de facto film reviews 2.5 stars

For anyone who may be getting tired of the interconnected nature of the Marvel Cinematic Universe, there is one franchise that doesn’t waist its time assuming you’re all caught up with the larger story. That would be The Conjuring Universe, which has dominated the world of horror for almost six years at this point. What this universe does better than any other is keeping all of their films standalone ventures. You don’t have to watch one film to get the others. Even the two main Conjuring films can be watched in any order, and you won’t be left in the dust.

Now we take a step deeper into the sections of the universe completely separate from the cases of Ed and Lorraine Warren, as we take a look into a side opened up by the first Annabelle film. This time, we focus on a popular legend in Mexican folklore known as La Llorona, or The Weeping Woman. According to the legend, La Llorona was a woman who drowned her children in a river in a jealous rage. After realizing what she had done, she drowned herself in the same river. Her cursed spirit now roams the Earth in search of children to take their place.

In 1973 Los Angeles, the vengeful spirit has set her sights on Anna Garcia (Linda Cardellini), a social worker who lives the single mother life with her two kids, Chris (Roman Christou) and Samantha (Jaynee-Lynne Kinchen). When the subject of her latest case, a disturbed woman named Patricia (Patricia Velásquez), is accused of drowning her two sons in the Los Angeles river, Anna suspects she is merely mentally ill, especially when she claims it was La Llorona who drowned them.

However, it’s not long after this crime that Chris and Sam begin seeing a strange woman appearing around their home. Anna begins to suspect that Patricia’s rantings about the spirit may not be as crazy as she thought, and is horrified to learn that her kids have become La Llorona’s next targets. With the help of a man named Rafael (Raymond Cruz), Anna must fight La Llorona to stop her from claiming her kids as her own.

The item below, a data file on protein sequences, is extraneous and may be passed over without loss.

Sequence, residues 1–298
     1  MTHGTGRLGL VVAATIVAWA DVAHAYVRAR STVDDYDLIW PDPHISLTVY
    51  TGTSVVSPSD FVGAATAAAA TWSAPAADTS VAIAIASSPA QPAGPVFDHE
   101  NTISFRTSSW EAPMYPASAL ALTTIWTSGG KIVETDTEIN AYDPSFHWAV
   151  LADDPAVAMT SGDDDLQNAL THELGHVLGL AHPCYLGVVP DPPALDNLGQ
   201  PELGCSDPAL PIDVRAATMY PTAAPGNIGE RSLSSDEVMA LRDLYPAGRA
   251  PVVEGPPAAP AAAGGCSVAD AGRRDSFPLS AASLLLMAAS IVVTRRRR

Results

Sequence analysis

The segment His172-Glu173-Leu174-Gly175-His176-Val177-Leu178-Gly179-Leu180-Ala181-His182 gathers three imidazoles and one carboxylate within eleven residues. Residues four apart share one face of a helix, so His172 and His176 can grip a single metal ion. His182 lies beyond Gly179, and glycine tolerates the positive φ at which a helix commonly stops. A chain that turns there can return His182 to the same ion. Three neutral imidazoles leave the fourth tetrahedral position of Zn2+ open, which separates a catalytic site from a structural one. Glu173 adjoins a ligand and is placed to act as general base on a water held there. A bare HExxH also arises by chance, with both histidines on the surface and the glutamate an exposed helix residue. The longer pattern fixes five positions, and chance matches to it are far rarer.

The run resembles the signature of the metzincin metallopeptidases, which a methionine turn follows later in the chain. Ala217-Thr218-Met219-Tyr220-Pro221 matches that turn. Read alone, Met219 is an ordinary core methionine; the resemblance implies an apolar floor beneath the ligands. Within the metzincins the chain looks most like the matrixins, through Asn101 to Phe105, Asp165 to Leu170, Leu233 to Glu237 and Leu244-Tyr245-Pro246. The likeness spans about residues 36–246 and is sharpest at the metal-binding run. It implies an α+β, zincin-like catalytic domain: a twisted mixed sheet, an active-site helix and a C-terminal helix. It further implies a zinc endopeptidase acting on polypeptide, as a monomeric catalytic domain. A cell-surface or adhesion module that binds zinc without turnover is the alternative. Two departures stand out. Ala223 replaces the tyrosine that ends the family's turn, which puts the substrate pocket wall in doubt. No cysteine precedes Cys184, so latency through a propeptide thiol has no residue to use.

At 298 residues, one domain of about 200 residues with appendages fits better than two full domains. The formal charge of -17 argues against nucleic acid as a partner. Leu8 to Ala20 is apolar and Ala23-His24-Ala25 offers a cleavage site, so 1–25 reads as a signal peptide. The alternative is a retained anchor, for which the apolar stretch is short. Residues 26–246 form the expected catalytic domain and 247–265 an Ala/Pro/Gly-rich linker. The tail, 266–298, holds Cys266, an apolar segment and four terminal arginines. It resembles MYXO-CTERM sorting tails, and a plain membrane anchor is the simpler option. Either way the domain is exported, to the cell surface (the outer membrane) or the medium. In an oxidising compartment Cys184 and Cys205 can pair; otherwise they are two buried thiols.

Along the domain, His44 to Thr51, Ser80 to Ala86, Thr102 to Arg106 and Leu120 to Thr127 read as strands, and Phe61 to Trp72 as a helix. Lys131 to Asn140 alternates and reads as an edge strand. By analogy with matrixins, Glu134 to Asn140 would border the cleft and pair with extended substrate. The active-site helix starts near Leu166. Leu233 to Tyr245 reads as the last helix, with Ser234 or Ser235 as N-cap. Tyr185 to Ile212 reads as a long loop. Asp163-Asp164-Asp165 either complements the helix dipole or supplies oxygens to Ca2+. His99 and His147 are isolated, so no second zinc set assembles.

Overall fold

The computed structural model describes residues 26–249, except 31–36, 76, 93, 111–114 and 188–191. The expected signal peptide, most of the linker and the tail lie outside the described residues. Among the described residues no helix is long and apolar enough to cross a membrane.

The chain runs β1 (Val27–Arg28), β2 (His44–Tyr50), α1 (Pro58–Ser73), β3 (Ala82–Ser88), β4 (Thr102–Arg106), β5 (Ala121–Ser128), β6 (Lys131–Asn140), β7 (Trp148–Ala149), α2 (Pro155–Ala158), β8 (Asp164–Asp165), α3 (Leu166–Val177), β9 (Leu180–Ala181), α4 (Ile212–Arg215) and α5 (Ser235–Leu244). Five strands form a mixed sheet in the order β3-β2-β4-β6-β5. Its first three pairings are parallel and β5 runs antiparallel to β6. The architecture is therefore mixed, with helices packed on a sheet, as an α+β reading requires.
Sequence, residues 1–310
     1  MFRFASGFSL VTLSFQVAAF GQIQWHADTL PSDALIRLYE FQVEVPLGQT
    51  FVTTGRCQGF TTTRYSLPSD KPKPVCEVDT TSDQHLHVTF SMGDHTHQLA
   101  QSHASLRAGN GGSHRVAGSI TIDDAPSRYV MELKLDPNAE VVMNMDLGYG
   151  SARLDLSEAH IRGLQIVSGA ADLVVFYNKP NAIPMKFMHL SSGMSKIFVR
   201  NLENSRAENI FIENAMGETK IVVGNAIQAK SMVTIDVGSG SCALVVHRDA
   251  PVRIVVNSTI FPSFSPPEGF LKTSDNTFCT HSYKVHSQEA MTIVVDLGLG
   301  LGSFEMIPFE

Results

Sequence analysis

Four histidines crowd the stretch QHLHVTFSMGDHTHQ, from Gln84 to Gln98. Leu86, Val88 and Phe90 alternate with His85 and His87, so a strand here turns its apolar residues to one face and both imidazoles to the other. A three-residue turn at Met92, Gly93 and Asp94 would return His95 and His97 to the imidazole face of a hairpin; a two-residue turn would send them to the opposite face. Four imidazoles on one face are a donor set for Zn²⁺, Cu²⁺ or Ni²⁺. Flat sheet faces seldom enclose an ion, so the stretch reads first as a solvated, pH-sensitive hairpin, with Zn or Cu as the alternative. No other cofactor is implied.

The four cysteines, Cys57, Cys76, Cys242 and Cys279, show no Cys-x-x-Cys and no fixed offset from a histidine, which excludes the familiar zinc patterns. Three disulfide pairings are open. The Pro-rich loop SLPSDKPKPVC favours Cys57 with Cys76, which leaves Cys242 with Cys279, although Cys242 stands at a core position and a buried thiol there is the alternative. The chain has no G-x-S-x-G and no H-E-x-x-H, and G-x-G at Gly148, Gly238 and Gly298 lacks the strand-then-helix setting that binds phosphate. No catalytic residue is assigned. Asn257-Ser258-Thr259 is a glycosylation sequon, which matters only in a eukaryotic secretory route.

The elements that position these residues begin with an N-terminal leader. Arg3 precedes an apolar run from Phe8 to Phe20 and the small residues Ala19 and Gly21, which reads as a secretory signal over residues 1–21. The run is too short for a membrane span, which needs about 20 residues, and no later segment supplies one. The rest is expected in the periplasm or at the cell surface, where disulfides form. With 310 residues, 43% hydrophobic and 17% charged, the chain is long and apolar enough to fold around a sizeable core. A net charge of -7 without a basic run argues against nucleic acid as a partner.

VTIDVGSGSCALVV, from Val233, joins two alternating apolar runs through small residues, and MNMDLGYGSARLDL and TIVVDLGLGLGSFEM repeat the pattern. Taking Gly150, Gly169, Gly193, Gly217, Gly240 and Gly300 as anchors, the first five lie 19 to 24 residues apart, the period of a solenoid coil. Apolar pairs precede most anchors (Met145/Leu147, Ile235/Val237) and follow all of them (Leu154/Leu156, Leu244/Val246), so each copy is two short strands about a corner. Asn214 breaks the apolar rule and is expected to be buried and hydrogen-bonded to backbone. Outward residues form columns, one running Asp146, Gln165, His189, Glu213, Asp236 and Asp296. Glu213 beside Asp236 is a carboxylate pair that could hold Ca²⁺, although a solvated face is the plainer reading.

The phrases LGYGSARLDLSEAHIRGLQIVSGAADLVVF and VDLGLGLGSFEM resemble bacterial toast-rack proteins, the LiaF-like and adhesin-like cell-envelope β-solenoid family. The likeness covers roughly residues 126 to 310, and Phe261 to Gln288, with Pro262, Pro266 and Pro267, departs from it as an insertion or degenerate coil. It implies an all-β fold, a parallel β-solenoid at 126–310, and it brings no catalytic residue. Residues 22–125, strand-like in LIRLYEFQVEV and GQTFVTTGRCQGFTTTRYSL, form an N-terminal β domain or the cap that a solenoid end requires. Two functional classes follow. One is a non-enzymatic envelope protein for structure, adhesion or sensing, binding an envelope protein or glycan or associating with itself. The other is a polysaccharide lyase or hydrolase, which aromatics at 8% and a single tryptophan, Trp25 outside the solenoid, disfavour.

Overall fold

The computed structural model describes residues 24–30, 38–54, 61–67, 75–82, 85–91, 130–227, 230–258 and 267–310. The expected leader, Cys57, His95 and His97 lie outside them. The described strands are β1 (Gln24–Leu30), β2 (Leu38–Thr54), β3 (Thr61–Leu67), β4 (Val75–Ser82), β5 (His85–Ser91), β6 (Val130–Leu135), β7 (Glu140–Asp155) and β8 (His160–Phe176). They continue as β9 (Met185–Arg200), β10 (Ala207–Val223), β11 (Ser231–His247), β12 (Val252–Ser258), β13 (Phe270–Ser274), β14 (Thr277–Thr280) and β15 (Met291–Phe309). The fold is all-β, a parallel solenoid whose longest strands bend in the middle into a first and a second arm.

It’s story may not take full advantage of its well-known subject matter, and it may not take The Conjuring’s formula in many new directions, but it’s hard to deny one thing: it has some truly terrifying moments. It’s setting and tone are also a welcome change of pace, channeling a more Latino-centric atmosphere that gives The Conjuring Universe a new angle to explore. It also has a bit more action and humor not found in the franchise, but they feel like long-awaited additions to its development.

The performances are a true highlight of this film, especially Cardellini. Having done a fair amount of comedy and drama, it’s interesting to see her take the reins of a horror film. For the character of Anna Garcia, she seemed perfectly cast for it. It feels like no one else could have played the character. In this reviewer’s opinion, she gave one of the best performances of her career, giving off the true emotion needed for each terrifying scene.

Warner Bros. deserves credit for finding directors who really know how to build suspense and execute scares for these movies. This especially goes for debuting director Michael Chaves, who’s use of set pieces and clever camera angles consistently led to some really good jolts in the end. Sure most of this film is jump scares, but they can be good if they do the one thing they were designed to do: scare you.

Adding to the terrifying atmosphere of this film is the design of La Llorona herself. Her demonic look is very akin to the design of Valek the demonic nun, who is still the most terrifying character in The Conjuring Universe. One scene in which Anna comes face-to-face with the spirit is fully terrifying with La Llorona staring into the camera with her demonic eyes and pale, screaming face. It induces true chills that remain long after the scene has ended.

The Curse of La Llorona doesn’t really take its story in any unique directions, but as a film in the ever expanding Conjuring Universe, it’s still an entertaining, and often very terrifying, time at the movies. It uses its set pieces to its advantage to create some truly bone chilling moments and scares that make you jump out of your seat, and showcases one of the best performances from Linda Cardellini. With Chaves now taking over The Conjuring 3 from James Wan, it’s safe to say that the film is in good hands.